Thursday, October 02, 2003

"I left her breasts bare, because that's what she feeds the world with symbolically"

From the Sacramento Bee...

Nude Art Exposes Controversy
By Jocelyn Wiener

Officials stripped nude paintings from a Nevada City government building Wednesday evening, leaving the walls bare and a community enveloped in controversy.

The exhibit had been housed in the Rood Center as part of a monthlong celebration of "Arts, Culture and Humanities" month -- a national celebration supported by the Nevada County Board of Supervisors. Of some 50 paintings and sculptures put on display Saturday, five featured some detailed nude form.

County officials considered that five too many.

Officials said the controversy began Saturday when an employee asked that an artist remove a nude painting, and the artist protested.

Soon, other artists -- and their nude paintings --
also were involved.

"This thing has really kind of snowballed," said County Executive Officer Rick Haffey.

Haffey said the Rood Center has exhibited children's art, watercolors and oil paintings in the past. When the artwork was deemed questionable for a government office, he said, artists generally agreed to take it down.

"When people come to a public building and they don't expect to see something that ... ," he paused, "thought-provoking, they may be surprised. If it's overly thought-provoking, there could be employees who could say it makes them uncomfortable."

County officials allowed a Tuesday night reception to go forward after business hours but asked the Nevada County Arts Council to remove all art by 5 p.m. Wednesday.

Alexi Bonifield, marketing director for the council, said the group is negotiating to reopen the show at the Center for the Arts in downtown Grass Valley.

Many of the artists and aficionados attending Tuesday's opening held signs criticizing U.S. Attorney General John Ashcroft and censorship.

Several discussed what they see as Orwellian behavior among officials -- both local and national -- while munching on brie and baby carrots.

"It's not about me, and it's not about my work even," said Irene Nicolas, 64, of Grass Valley. "It's about First Amendment rights."

Sue Horne, chairwoman of the Board of Supervisors, disagreed.

"People come in (to the Rood Center) for housing assistance, to pay their taxes and for building permits, and they don't come in expecting to see nudity on the wall," she said. "This is not about whether or not these pictures are in any way obscene or lewd. I don't think they are ... but it is about whether it is the appropriate place."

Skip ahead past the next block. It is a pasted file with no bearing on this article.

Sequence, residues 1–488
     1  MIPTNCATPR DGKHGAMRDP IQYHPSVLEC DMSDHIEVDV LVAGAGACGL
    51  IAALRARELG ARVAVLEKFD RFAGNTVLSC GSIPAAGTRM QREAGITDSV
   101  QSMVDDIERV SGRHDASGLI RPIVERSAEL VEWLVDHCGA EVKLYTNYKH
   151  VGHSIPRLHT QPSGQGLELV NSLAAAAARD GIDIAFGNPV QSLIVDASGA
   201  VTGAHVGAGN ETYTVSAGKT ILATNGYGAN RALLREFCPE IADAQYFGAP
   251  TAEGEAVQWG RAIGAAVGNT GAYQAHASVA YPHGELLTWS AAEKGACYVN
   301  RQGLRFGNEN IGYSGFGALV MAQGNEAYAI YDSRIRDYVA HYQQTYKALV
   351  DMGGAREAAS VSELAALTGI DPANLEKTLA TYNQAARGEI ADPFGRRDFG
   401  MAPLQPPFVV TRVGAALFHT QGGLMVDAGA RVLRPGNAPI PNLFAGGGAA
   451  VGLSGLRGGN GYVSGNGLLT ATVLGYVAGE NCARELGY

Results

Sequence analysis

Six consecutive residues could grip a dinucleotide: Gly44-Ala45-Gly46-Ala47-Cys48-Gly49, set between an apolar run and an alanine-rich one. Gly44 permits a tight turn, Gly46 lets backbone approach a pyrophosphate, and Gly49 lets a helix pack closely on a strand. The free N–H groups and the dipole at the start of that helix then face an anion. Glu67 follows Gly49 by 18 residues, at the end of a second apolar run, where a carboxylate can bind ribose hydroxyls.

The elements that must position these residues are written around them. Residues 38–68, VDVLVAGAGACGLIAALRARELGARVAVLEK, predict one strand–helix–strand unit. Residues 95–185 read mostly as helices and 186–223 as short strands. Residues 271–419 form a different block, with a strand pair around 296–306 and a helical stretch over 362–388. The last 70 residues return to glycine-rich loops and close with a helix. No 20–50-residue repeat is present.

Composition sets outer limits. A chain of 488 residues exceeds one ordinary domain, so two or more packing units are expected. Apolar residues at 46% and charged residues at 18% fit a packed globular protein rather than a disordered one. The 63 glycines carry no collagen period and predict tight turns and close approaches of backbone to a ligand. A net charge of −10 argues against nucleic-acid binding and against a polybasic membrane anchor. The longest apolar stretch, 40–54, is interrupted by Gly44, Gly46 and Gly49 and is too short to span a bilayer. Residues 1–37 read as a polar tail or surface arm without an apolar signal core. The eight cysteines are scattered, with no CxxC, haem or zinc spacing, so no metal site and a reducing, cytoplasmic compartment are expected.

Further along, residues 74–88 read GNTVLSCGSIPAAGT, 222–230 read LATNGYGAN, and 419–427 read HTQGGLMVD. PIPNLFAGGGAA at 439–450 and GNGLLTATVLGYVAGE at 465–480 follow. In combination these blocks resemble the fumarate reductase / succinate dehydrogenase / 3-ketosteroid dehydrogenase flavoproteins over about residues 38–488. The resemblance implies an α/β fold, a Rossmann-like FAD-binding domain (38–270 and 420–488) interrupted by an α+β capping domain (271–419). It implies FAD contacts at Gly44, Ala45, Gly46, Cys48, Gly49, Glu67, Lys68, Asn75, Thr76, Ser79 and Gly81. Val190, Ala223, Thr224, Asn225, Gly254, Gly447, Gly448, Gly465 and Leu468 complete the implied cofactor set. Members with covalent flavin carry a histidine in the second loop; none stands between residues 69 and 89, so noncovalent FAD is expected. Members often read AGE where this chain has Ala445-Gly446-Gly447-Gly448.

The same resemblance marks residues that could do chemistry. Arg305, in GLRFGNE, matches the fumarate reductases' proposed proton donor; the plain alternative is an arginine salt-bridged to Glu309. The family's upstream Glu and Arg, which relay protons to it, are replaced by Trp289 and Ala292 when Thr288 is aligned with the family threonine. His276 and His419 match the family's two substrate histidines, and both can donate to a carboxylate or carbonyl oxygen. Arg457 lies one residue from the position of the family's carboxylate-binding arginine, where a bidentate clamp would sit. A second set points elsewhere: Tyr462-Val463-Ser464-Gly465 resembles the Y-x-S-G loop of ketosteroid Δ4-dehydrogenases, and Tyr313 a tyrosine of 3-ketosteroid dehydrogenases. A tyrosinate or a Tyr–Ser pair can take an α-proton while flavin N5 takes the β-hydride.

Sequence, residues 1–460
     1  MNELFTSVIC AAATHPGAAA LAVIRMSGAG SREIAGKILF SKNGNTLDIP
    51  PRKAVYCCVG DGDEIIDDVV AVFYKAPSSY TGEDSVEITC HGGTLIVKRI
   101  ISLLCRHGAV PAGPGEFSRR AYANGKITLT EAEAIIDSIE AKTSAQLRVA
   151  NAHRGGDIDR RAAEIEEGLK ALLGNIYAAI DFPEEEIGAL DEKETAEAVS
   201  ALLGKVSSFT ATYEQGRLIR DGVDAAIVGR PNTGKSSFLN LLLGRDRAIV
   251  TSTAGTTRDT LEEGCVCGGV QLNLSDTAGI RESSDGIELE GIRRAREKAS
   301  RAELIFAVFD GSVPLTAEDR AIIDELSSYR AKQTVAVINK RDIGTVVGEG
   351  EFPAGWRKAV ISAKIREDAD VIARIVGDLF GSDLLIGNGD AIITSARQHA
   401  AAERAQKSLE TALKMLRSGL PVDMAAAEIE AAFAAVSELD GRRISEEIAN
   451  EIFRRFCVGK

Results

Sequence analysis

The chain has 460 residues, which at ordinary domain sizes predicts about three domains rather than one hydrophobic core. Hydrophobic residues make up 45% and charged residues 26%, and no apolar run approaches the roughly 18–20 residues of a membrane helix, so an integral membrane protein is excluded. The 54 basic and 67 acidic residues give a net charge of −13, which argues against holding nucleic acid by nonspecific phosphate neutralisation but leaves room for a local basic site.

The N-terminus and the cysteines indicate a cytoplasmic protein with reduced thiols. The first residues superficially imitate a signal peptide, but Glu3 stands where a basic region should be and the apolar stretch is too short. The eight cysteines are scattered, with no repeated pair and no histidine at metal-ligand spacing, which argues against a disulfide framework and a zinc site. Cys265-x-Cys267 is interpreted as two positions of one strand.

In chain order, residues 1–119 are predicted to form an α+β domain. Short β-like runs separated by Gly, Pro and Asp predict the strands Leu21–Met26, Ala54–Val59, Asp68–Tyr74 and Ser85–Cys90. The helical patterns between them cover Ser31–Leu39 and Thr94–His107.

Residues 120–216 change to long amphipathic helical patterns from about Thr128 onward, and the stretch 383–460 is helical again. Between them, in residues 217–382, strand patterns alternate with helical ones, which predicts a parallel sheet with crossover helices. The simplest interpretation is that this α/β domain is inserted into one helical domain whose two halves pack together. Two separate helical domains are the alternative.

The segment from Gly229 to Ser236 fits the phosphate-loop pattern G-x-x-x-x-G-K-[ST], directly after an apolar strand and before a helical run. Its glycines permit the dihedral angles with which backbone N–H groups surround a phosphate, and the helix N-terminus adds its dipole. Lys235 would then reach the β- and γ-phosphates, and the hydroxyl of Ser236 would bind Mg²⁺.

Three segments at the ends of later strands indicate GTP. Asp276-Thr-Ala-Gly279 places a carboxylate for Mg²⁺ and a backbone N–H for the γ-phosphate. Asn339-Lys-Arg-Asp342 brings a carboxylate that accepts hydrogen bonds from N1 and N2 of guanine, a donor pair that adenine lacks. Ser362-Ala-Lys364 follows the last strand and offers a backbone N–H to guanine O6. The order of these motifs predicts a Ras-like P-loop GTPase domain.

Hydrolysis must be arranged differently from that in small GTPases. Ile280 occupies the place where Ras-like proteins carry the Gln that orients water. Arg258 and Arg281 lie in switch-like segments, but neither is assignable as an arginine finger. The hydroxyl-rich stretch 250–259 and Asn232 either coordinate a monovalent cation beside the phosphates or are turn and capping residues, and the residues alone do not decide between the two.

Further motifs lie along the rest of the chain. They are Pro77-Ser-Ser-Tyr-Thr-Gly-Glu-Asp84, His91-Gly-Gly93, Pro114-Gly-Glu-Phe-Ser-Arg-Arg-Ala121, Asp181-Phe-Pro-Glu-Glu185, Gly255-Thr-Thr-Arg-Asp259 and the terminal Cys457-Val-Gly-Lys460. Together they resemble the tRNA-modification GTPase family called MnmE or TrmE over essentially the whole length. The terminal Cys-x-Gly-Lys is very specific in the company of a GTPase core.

At Tuesday's opening, someone taped a "censored" sign over Horne's photo. Someone else quickly removed it.

Although political commentary -- in all forms -- was pervasive, many focused their attention on lifting the small "censored" signs artists taped over their subjects' two-dimensional anatomical parts.

Nicolas' painting of Hathar, whom she describes as an ancient Egyptian goddess of fertility, love and beauty, was a popular exhibit.

"I left her breasts bare, because that's what she feeds the world with symbolically," Nicolas said.

"She'd look funny if she didn't have a set," chimed in Dee Hedenland, 65, of Grass Valley.

Jennifer Breiling, 55, of Nevada City, lifted the "censored" sign covering Hathar's upper half.

"The funny thing is, I'm finding myself peeping," she said. "I've never done that before. It feels like there's a little excitement to the piece when you lift the strip. It's like a bikini."

Barak Michener, a Bear River High School senior, looked on.

"The content you'll find in high school is a lot worse than you'll find here," he mused. "I've seen worse, much worse, and I'm only 17."

At one point, the crowd gathered to listen to speakers.

"We should stand up for our rights," said Kurt Niederhaus, creator of one of the more controversial pieces. "I think that's the only way to bring our county into the 21st century."

"Whoo!" yelled a woman wearing a "Censored" T-shirt.

Tracie Krause, an art docent for the Nevada City school district, examined Niederhaus' "Patriot."

The painting features the phrase "Support Our Boobs" underneath a depiction of two miniature men using poles to support the breasts of a very tall woman. The piece, Niederhaus said, is a "humorous jab" at "Support Our Troops."

Krause said her 8-year-old daughter heard about the art show controversy and wanted to know why this art differed from Picasso paintings her mother had shown her last year. Those paintings showed breasts, and she asked whether something was wrong with that.

"I said, 'I don't have a problem with it,' " Krause said.

  • Sacramento Bee

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